They say the early bird gets the worm. And that’s no exception in the case of a heart attack.
A recent study found that heart attack patients who received the inexpensive beta-blocker (blood-pressure reducer) metoprolol, en route to the hospital reduced damage to the heart significantly during a heart attack.
The study, done in Spain, reported that this strategy could be practiced globally to change how heart attacks are treated. People currently don’t receive medication before an angioplasty, the routine treatment for removing the blockage that causes a heart attack.
Borja Ibáñez, MD, PhD, head of the Experimental Cardiology Group at Centro Nacional de Investigaciones Cardiovasculares Carlos III (CNIC) in Spain and clinical cardiologist at the Hospital Clínico San Carlos in Spain, was the joint lead investigator of this study along with Valentín Fuster, MD, PhD, general director of CNIC, who also serves as director of Mount Sinai Heart and physician-in-chief at The Mount Sinai Medical Center.
A total of 270 patients experiencing a myocardial infarction (heart attack; when the coronary arteries are blocked) were recruited since 2010 in four of Spain’s regions: Madrid, Galicia, León and Cantabria. Patients were randomly assigned to receive either intravenous metoprolol or a placebo (fake) treatment when they were diagnosed with a heart attack in an ambulance.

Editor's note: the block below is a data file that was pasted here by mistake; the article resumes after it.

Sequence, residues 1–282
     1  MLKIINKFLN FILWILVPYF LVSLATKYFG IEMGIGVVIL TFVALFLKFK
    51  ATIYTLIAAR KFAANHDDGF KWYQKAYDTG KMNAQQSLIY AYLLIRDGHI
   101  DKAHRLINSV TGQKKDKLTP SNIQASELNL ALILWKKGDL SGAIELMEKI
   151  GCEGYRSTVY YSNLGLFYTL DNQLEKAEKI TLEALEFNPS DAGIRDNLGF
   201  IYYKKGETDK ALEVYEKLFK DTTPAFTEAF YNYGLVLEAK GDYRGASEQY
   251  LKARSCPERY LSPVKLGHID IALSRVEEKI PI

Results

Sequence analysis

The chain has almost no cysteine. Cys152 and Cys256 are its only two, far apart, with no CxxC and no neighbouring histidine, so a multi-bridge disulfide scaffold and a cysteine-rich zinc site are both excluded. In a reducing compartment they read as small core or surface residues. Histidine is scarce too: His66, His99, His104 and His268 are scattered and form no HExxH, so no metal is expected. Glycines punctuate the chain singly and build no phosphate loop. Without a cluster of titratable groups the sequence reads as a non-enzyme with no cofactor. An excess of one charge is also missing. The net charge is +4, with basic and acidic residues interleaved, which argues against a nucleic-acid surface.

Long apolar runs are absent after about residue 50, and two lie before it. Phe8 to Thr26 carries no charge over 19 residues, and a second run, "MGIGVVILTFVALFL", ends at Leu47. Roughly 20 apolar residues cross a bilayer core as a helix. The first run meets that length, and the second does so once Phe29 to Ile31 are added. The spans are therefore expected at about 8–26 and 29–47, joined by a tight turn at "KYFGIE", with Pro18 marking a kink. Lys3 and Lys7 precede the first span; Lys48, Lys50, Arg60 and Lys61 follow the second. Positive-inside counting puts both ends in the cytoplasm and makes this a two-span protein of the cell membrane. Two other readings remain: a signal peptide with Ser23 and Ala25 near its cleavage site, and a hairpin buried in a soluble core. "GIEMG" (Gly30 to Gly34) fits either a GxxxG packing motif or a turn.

Patients were given MRIs (magnetic resonance imaging) a week after their heart attack to measure their damaged heart tissue. MRIs were reviewed at the central CNIC lab by cardiologists unaware of who received treatment and who didn’t.
They found that the 139 patients who received metoprolol had 20 percent less heart tissue damage than those who didn’t get the medicine.
Metoprolol costs less than $3 per treatment. According to researchers, patients with less damage to heart tissue are less likely to need costlier treatments like an implantable defibrillator (a pager-sized device implanted in the chest) or require extended hospitalization. Researchers are conducting a cost-effective analysis to assess the potential savings.
Hospitals in Spain participating in the METOCARD-CNIC trial included Hospital Clínico San Carlos, Hospital de La Princesa, Hospital 12 de Octubre, Hospital Puerta de Hierro, and Hospital Quirón (Madrid), Hospital Meixoeiro (Galicia), Hospital de León (León) and Hospital Marqués de Valdecilla (Cantabria).
Researchers are now analyzing the effect of metoprolol on the heart. They plan to enroll more patients from around the world in the trial.
The study was published in the journal Circulation on October 1. It was conducted at CNIC in Spain and Icahn School of Medicine at Mount Sinai.
The study was funded by the Spanish Ministry of Economy and Competitiveness, a research grant from the CNIC and the designation of CNIC as a Severo Ochoa center in 2011. Support was also received from the Spanish Ministry of Health, Social Services and Equality, Philips, the Fundación Mutua Madrileña and from Pro-CNIC Foundation members, who donate to the CNIC.